Mr. and Mrs. Thomas Dawson lived first at Allan Bank, Grasmere, but the climate did not suit his youngest daughter’s health, so about 1849 the family moved to Pitminster, a little village just outside Taunton. It was here that Mr. Dawson’s taste for archery was developed, he never gained much distinction as an archer but he played a large part in the foundation of the Grand Western Archery Meeting, the first of which was held which held at Bishops Hull (just outside Taunton) in 1861. Other Grand Western Meetings were held at Salisbury in 1862, Weymouth in 1863 and at Exeter in 1864; there was no Meeting in 1865 due to the Grand National Archery Meeting being held in Clifton but a Meeting was held in Weymouth in 1866. There was no Meeting held in 1867 and by 1868 both of the Dawson daughters were married and Mr. Dawson had left the area so Mr. Walrond took over the organising of the GWAM and continued to do so until 1914 – he died in June 1917. The original Grand Western Prize Badges were very probably organised by Thomas Dawson, he was friends with a Taunton silversmith – John Goodman (whose youngest son was named Thomas Dawson Goodman) – and samples of these early badges have Goodman’s mark, an interlinked ‘J’ and ‘G’.
Above is a picture of a Champions Badge, it would have had a bar hanging from the bottom with the meeting venue engraved on the front and the year on the back – the 1998 booklet produced for the 125th GWAM suggests that this dates from 1868 but there is a picture of the Reverend Hare wearing the badge with four bars, 1861, 62, 63 & 64, (it could, of course, been retrospective) but I seem to remember reading somewhere that the Champions badge was retained when the Prize Badges were stopped – because they were too similar to the Grand National Archery Meeting prize badges.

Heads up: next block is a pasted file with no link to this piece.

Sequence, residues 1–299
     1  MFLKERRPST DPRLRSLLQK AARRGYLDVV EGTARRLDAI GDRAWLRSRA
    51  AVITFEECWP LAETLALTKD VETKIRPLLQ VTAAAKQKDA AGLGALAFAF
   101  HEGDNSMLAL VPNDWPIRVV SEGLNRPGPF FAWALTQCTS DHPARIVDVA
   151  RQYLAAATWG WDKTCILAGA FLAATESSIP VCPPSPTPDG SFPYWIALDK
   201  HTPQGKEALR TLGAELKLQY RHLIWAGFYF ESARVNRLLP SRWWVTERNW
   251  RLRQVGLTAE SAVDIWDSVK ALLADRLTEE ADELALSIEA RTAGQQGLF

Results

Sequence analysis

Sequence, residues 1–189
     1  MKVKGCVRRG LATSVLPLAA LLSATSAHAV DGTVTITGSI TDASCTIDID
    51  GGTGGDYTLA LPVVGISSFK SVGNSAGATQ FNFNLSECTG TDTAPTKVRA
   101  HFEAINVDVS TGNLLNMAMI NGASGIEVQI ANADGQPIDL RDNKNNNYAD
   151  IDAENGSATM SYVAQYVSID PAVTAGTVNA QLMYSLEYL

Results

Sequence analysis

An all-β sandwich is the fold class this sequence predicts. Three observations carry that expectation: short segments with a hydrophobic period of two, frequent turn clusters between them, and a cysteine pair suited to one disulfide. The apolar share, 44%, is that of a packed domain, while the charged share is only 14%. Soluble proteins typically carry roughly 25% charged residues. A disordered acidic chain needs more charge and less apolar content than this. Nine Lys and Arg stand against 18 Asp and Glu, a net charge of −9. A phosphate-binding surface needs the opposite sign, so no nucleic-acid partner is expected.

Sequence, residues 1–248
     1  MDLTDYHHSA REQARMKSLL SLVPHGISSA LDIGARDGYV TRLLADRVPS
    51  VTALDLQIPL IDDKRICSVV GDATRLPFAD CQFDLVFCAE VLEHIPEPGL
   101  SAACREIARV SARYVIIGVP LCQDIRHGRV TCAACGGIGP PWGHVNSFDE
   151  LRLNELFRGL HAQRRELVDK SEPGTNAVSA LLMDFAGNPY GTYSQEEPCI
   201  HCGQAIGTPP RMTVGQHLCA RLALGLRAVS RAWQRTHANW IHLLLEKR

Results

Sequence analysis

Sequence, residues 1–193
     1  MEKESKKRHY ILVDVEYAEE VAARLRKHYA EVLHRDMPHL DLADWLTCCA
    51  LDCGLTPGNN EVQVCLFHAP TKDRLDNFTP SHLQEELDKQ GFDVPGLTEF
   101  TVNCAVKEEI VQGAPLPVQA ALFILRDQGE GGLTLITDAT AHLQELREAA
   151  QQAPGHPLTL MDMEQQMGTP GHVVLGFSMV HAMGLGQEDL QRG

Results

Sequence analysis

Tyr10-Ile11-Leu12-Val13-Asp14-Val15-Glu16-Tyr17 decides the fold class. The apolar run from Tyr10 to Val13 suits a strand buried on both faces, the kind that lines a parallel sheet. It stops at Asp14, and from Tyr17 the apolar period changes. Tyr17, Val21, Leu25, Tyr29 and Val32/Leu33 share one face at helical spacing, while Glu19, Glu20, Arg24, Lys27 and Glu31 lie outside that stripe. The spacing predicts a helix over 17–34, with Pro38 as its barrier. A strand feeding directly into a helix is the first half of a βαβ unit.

Below left is a picture of a Gentlemen’s Prize Badge from the very first Grand Western Meeting – this was reproduced on a smaller scale in a limited edition of 125 in 1998 to celebrate the 125th holding of the GWAM. The badge next to it is the Ladies Champion badge – this one dates from the 1864 GWAM so would have been won by Sophia Dawson, the hallmarks show it was assayed in Exeter in 1863/64 and has two of John Goodman’s marks (one as silversmith and one as the gilder). The final badge is actually a lesser award – this one was awarded in 1866 for 5th Gross Score and was won by Miss L. Butt of the Queen’s Royal St. Leonards Archers who was to become Sophia Dawson’s sister-in-law.
The Dawsons were members of the West Somerset Archery Society which was based in Batts Park, Taunton (now a housing estate!) The Dawson’s elder daughter, Sophia, was three times Championess of the West (1863, 1864 & 1866) and married William Butt who was the Secretary of the Royal Toxophilite Society (1865 – 72 & 1875 – 77). Thomas Dawson became a member of the Royal Toxophilite Society in 1864 and in 1867 issued (anonymously) a book (printed in Taunton) titled ‘A History of the Royal Toxophilite Society’ and in 1870 produced an enlarged edition. He was also a member of the ‘Queen’s Royal St. Leonard’s Archers’ and arranged for silver badges to be made for them by John Goodman (a receipt is in Hastings Museum and Art Gallery). Sophia Butt died in 1908 and her obituary in the ‘Archer’s Register’ (1909) was written by Henry Walrond, the 9th Marques de Vallado (a Spanish title bestowed on Humphrey Walrond by King Philip IV of Spain in 1653).